By James DeRuvo (doddleNEWS)
Sony announced their next generation α7RIII, which isn’t so much “new” as it contains the same 42MP image sensor as its predecessor. Sony has managed to squeeze out some serious new performance features that could make you consider getting a new one. But is it really worth it? Maybe, however, it still seems like your basic dot upgrade.
“We’re continuing to raise the bar for innovation in the imaging marketplace, in particular with our full-frame camera lineup. As an industry, we are now entering the true digital age of imaging. The capabilities of the α7R III camera – silent shooting at 10 fps at full 42.4 MP resolution, extreme AF coverage and speed for both video and stills – exceed anything that is physically possible with a DSLR, making it an excellent symbol for this paradigm shift, it offers a level of customization, speed and stamina that will satisfy even the most demanding professionals, and ensures that they can take full advantage of this impressive tool to capture and create in ways they never could before.” – Neal Manowitz, Vice President of Digital Imaging for Sony Electronics.
Yes, the α7RIII has the same 42 MP back illuminated Exmor CMOS image sensor as the α7RII, but after two additional years of continuous development, Sony has managed to boost burst mode so that it screams at 10 frames per second in either mechanical shutter or silent shooting digital shutter mode. There’s also five axis optical image stabilization which, coupled with a new low vibration shutter reduces image blur. If you’re a sports photographer, that’s damned impressive.
Video wise, that also translates to shooting 14 bit RAW 4K at up to 60 frames per second, and 1080p at up to 120 frames per second. The α7RIII also manages 15 stops of dynamic range with up to a stop of noise reduction. Video formats include full frame and Super35 mm along with Hybrid Log Gamma HDR, as well as S-Log 2 and S-Log 3 imaging modes.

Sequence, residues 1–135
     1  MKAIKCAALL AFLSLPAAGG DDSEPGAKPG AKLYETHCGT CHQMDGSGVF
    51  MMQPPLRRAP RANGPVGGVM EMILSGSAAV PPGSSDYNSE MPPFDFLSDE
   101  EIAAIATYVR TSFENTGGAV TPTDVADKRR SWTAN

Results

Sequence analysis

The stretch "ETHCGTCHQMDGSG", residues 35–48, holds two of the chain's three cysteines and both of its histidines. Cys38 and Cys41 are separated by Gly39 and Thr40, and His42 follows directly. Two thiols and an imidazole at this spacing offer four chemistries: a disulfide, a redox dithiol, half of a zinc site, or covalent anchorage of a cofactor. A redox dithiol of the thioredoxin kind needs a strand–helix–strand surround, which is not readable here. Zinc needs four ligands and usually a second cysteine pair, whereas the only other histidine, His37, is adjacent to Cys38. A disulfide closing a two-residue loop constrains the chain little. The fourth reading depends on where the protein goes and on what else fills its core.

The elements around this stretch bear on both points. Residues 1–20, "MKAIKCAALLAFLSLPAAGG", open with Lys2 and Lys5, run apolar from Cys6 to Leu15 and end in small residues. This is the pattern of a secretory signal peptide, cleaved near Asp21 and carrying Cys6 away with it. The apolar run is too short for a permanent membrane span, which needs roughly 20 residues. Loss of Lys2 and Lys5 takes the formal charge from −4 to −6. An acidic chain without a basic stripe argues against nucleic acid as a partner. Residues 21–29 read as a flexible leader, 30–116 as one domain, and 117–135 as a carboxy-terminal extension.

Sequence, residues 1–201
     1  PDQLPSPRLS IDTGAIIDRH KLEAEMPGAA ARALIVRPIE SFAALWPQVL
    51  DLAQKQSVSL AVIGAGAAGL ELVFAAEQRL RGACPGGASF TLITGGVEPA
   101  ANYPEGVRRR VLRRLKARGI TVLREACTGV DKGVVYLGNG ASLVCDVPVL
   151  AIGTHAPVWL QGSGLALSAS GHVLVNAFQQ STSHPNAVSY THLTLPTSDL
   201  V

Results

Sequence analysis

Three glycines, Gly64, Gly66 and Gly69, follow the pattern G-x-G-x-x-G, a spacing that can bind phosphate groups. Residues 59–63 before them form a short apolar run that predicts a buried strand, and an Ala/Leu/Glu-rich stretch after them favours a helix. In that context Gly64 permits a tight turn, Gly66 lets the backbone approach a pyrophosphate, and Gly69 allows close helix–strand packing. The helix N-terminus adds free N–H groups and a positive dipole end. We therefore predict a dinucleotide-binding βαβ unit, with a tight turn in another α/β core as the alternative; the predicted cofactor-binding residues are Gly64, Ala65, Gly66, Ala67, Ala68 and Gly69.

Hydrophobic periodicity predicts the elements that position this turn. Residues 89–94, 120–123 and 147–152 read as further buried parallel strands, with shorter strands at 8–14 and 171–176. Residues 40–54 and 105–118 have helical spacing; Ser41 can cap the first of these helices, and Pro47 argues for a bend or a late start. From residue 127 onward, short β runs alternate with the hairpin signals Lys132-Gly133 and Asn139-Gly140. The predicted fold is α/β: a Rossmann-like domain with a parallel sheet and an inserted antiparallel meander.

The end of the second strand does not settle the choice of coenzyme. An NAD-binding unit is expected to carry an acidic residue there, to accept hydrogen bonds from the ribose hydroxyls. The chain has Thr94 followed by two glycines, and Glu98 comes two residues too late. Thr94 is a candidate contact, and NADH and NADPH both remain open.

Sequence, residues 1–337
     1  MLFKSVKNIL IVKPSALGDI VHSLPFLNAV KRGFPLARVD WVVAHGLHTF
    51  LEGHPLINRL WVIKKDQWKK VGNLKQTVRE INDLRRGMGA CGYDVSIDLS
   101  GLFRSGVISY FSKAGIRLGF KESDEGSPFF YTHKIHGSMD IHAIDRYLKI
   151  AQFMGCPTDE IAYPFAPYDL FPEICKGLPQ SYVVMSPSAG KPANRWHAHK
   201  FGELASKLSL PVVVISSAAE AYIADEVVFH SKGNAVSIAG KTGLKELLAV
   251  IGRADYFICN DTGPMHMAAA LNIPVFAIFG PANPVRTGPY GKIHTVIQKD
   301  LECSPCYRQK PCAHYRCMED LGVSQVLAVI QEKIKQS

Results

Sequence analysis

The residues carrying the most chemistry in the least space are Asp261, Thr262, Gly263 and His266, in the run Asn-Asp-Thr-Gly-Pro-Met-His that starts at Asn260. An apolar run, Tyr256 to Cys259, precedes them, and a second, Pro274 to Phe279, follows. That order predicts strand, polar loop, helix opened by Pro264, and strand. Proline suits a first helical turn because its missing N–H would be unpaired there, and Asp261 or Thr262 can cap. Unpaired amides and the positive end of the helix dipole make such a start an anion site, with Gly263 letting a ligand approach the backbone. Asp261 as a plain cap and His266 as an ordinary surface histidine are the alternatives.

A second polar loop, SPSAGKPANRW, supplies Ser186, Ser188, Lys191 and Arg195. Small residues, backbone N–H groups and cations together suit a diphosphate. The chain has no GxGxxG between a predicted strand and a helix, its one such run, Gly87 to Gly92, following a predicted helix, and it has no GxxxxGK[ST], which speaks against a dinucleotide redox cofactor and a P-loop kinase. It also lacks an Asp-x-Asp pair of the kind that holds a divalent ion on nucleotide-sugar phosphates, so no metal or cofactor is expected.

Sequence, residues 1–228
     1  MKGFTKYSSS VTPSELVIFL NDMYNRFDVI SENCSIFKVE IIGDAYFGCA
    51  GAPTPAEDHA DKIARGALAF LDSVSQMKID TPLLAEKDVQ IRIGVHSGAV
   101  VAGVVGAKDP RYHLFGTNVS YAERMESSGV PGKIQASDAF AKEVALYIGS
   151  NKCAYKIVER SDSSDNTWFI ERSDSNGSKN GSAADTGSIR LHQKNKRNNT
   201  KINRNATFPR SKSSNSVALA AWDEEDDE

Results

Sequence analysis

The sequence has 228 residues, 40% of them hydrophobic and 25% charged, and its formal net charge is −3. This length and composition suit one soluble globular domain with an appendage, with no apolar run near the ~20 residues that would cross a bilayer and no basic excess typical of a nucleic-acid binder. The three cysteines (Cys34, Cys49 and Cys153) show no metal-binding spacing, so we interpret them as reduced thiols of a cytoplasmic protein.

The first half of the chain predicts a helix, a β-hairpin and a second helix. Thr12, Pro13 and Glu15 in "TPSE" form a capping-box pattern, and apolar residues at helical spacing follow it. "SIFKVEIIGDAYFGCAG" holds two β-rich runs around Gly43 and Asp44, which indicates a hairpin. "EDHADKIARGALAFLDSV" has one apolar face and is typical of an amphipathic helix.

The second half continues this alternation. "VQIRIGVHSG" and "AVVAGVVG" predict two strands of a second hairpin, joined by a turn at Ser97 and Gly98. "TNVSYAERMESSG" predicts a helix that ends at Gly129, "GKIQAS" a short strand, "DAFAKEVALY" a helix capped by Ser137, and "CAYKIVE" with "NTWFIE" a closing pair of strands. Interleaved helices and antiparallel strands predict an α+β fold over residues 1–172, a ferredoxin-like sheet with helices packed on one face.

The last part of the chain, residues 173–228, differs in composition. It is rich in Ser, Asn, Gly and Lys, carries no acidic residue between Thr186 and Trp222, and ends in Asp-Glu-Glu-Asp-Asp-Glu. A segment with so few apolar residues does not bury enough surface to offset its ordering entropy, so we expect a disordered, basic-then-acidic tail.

Other features include:
- 35mm Full-Frame 42.4 MP1 Back-Illuminated Exmor R™ CMOS Image Sensor with Evolved Image Processing
- Continuous Shooting at up to 10 fps2 with either Silent Shooting or Mechanical Shutter and full Auto Focus/Auto Exposure tracking
- 399 phase-detection AF points covering 68% of image area, 425 contrast AF points and approximately 2 times more effective Eye AF
- 5-axis optical in-body image stabilization with a 5.5 step shutter speed advantage
- High Resolution 4K Movie Shooting with full pixel readout and no pixel binning
- Completely redesigned for professionals, including upgraded Auto Focus, Dual SD Card Slots, Extended Battery Life, SuperSpeed USB (USB 3.1 Gen 1) USB Type-C™ Terminal and more
- Pixel Shift Multi Shooting Mode, which looks to be Sony’s own version of HDR, imaging 4 stills, shifting pixels slightly and then merging these stills together for a total of 170MP of image data.
How Sony accomplished this is interesting. Adding a new front end large scale integrated processor which effectively doubles the readout speed that manages digital information into an updated BIONZ X image processor. Working in concert, these two processors can shoot at faster hutter speeds and image at an ISO range of between 100-3200, expandable to 50-102400.
So there’s a lot to be impressed with here. Sure, the Exmor CMOS sensor is mature, but Sony is boosting its effectiveness with newer technologies that make the camera faster and better performing. From my perspective, under certain scene situations, those new technologies could be quite beneficial. But I’m not sure it can deliver as much bang for the buck as to make investing another $3,200 necessary. At the end of the day, most of the shooting that your average video shooter will do, is managed quite well with the previous model. If I was a wedding videographer, I don’t know if I would be in a hurry to upgrade. But a sports photographer looking to gain an edge, then the new α7RIII could be worth the investment.
The Sony α7RIII will ship in November for $3,200 US and $4,000 CA.